So much has been said and sung of the beautiful young girls. Why don’t somebody wake up to the beauty of old women? Harriet Beecher Stowe
The more I look in the mirror, the more I must acknowledge that I’m an older woman. I’m not sad about that, but gladly acknowledge that I’m in a new phase of life. I can’t do a lot of things I used to, and I tire more easily. At the same time, I feel no need to push the limits or sweat a lot trying. Exercise is good for us, but there’s no need for torture.
I decided to stop coloring my hair and let it go gray. I started coloring my hair in my 40s when the gray became very evident and I felt too young to have gray hair. I’m glad I did what I did. Now that I’m ready to face my age head-on, I’ve already been asked why I don’t want to look younger. Let’s just say I’ve watched my face age while my hair didn’t. It’s time for the two to match. Now that I’m a grandma, I’m very excited about looking like who I really am, a woman with two-tone hair. Gray in front and dark brown in back. The worst part of the transition is waiting for the gray roots to grow out.
Being an older woman brings lots of benefit with it. Gone are the days of trying to impress people with how I look. While I want to look my best, I don’t compare myself to Hollywood’s standards of beauty. No one should. Beauty is truly only skin deep. While plastic surgery has its beneficial uses, using it to “turn back time” doesn’t do that at all. Instead of making women look younger, it makes them look funny and fake and sometimes hard to look at. I like my wrinkles. They’re like a road map to my life. I’m thankful my life gave me enough blessings to leave smile lines behind and not frown lines.
Outwardly I am 83, but inwardly I am every age, with the emotions and experience of each period. Elizabeth Coatsworth
Life experiences bring true inward beauty and wisdom. Older women are really interesting people, full of stories and insight. We’ve walked the road of life, toiled along it, observed others on it, and learned from every turn and bump. We’ve seen a lot of sunshine and laughter on it. Without placing all our self-worth in how we look, older women aren’t afraid of time passing. It’s more about enjoying every day of the journey and less how it looks on us. We love to have fun, especially together. If you need advice, we have plenty to give. If you need a shoulder to cry on, ours are here.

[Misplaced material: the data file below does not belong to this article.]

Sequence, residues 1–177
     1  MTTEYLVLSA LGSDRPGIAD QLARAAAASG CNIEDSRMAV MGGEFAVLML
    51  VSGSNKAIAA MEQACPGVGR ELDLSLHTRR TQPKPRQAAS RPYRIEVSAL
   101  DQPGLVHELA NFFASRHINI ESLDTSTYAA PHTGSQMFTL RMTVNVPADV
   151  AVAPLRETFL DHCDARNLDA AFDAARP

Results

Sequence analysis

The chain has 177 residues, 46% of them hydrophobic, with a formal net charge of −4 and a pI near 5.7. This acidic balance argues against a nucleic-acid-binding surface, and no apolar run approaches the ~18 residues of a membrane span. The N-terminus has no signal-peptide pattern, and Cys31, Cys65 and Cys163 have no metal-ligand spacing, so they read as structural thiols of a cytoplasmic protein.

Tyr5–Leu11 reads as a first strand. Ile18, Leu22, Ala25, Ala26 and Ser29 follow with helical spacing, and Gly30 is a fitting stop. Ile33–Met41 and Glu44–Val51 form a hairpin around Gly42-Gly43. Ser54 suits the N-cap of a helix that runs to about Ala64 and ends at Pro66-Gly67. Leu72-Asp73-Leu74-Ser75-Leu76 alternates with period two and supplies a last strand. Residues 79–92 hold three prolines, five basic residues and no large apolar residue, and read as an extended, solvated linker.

The lady who taught my daughter and I how to clog was in her 70s and had a wonderful philosophy. “Every decade gets better and better,” she told me. “I look forward to seeing what each will bring.” The last time I saw her, she and her husband were dancing at their anniversary party, smiling like young kids. Both were in their 90s and enjoying the decade.
You can’t help getting older, but you don’t have to get old. George Burns
So older women, appreciate where you are in life. Embrace it and value it while it’s here. The rest of you, appreciate older women. We’ve got a lot left to give. As it says in Proverbs 31, Strength and honor are her clothing; She shall rejoice in time to come. She opens her mouth with wisdom, And on her tongue is the law of kindness. Charm is deceitful and beauty is passing, But a woman who fears the Lord, she shall be praised (verses 26-27, 30, NKJV).
P.S. If you want to read a story about older women, read my book The Five Grannies Go to the Ball. Grannies just wanna have fun!